Public sector workers in Germany’s hospitals, kindergartens, civil service, refuse operations, as well as public transport workers, started ‘warning strikes’ in support of their wage demands. Ver.di, the public sector union, is demanding a 4.8% rise, or a minimum of 150 euros a month extra, for public sector workers. In the local transport sector the dispute is over working conditions.
The mood is angry. As in other countries, only a few months ago politicians praised frontline workers, especially those staff in hospitals, care homes, kindergartens and the public transport for their heroic work during the first Corona-19 virus wave. Now they say they want a wages ‘zero-round’, fuelling anger.
Shortly before the bus and local train drivers were to go on strike, the representative of the employers said that the strikes are an attack on the public (“Anschlag auf die Allgemeinheit”). This seemed to have had a mobilising effect on the workers: on 29 September, nationally, 90% of all bus and local train staff struck for one day.
In the public sector, hospital workers are very angry. For the last five years, various struggles have taken in many hospitals, mainly on the question of a lack of staff. Many nurses, but also cleaners and other hospital staff, feel they are overworked and underpaid. A result was that it was not rare that calls by workers for an extra 500 euro a month were raised in discussions before the union made its formal demands. Some activists felt the demands now on the table are not enough. While inflation is officially low, with prices for cars and other ‘big item’ purchases going down, food and rent costs are rising at a much faster rate.
However, there is a lot of bosses’ propaganda on the grounds that many workers in other sectors are threatened with the loss of their jobs, and in the public sector jobs are safe. This is part of the general argument by the government and bosses that workers will have to tighten their belts because of the crisis. Unfortunately, some of the statements by the trade union leaders are not contributing to clarity on this question. While they say there needs to be recognition of the role of frontline jobs, many union leaders also state that they agree that demands need to be lower because of the crisis.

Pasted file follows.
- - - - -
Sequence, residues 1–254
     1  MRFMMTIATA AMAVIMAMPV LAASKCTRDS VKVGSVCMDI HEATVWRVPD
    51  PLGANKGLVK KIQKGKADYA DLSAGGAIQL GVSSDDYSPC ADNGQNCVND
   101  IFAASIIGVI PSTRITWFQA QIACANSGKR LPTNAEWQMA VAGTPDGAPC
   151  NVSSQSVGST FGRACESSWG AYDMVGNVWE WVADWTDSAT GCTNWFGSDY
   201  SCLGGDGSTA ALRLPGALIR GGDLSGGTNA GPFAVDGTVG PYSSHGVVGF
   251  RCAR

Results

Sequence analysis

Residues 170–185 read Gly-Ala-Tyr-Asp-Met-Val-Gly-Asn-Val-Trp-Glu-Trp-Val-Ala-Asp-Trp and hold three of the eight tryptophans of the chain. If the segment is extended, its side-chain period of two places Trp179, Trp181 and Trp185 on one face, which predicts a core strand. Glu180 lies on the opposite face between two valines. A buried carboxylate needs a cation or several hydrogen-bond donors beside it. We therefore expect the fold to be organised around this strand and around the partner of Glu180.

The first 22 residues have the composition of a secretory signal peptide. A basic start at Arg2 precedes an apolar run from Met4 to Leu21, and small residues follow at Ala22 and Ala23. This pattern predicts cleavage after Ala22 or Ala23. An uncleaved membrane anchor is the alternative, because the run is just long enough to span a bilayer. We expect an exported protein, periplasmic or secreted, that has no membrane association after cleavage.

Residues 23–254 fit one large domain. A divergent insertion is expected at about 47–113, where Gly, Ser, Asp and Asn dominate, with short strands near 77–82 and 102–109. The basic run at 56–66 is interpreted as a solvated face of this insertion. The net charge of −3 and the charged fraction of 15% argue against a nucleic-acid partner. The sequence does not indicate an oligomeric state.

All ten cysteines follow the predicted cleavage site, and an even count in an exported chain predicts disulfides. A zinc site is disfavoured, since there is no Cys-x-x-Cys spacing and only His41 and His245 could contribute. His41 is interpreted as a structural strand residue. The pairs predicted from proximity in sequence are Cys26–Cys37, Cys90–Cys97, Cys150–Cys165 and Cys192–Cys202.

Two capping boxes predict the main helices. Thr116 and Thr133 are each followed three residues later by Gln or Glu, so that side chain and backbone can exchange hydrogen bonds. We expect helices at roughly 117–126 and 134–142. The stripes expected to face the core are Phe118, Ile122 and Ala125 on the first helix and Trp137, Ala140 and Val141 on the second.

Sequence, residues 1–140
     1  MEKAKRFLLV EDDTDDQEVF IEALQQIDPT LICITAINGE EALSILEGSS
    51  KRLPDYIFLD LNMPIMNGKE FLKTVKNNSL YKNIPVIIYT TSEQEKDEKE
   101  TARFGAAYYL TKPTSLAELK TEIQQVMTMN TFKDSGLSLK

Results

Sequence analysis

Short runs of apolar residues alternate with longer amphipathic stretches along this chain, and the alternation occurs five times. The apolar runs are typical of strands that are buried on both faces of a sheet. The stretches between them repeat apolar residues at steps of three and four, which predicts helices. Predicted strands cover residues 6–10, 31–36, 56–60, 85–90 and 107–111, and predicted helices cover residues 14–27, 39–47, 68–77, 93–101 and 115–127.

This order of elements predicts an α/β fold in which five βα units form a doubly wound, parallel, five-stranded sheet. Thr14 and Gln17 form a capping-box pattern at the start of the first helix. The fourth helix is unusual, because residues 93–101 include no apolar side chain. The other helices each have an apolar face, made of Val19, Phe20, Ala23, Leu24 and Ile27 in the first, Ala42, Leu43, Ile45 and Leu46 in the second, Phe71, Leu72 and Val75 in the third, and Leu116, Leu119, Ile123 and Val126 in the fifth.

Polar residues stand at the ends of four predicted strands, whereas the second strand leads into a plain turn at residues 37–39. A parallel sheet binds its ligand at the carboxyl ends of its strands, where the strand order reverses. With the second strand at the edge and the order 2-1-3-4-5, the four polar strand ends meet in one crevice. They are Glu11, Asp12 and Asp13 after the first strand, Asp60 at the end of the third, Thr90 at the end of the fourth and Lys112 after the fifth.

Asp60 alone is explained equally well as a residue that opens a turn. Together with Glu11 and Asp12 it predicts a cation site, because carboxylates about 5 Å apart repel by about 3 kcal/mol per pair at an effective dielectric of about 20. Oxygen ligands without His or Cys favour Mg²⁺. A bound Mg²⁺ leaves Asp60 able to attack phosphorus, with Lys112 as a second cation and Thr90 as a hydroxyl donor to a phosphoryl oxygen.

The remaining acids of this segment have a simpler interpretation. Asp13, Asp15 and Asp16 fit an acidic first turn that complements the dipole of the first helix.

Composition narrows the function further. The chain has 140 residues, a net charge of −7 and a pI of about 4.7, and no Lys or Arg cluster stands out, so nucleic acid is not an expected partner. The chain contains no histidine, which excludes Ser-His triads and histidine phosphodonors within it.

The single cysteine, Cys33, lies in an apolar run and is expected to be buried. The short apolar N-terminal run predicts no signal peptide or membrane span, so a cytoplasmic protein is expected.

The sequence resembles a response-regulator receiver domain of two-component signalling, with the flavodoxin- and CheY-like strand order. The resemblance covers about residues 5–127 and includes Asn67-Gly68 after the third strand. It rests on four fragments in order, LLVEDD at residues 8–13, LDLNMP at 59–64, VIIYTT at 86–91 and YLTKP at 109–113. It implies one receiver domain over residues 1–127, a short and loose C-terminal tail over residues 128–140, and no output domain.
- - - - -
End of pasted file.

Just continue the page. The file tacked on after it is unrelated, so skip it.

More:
Socialist Organisation Solidarity (CWI Germany) is intervening in the strikes, arguing that instead of billions being put into the pockets of big companies and the rich, there needs to be a massive investment into public services, like the hospitals, kindergartens, and also ‘free’ public transport in order to limit the environmental damage caused by cars and other vehicles. In some areas, members of Sol are also at the forefront, mobilising for the strikes in their workplaces. Sol is actively helping to build a network of combative activists inside the trade unions. We argue that the trade unions need to build on the mobilisations for the current wage round to win these demands while also building a more general movement against the cuts that are likely to come soon, for adequate staff levels and an end to private profiteering in those sectors.
This is not simply a trade union struggle; the employers are representatives of all the main political parties running the local councils and public transport. The main establishment parties are coming out against the strike. The leader of the employers’ association denouncing the strikes is a SPD (social democratic party) mayor. Generally, the left party, Die Linke, is supporting the demands of the trade unions. However, with their leaders moving towards the right and wanting to be in the next national government together with the SPD and the Greens, Dietmar Bartsch, the leader of Die Linke in the national parliament, unfortunately also called the strikes “unreasonable”. He is not giving full support to the unions’ demands, although he has said the employers should be prepared to make a compromise. Bartsch’s statement damaged the strikes, when the whole party should, in words and in action, wholeheartedly help to build support for the strike movement.